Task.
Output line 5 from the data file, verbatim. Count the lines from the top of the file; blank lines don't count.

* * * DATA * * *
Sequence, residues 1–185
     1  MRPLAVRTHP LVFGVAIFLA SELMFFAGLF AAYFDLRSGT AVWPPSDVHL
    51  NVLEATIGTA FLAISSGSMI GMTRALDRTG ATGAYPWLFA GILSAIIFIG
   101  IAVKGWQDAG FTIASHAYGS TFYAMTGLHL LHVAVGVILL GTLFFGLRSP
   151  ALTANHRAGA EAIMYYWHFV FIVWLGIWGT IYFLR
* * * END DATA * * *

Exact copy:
   151  ALTANHRAGA EAIMYYWHFV FIVWLGIWGT IYFLR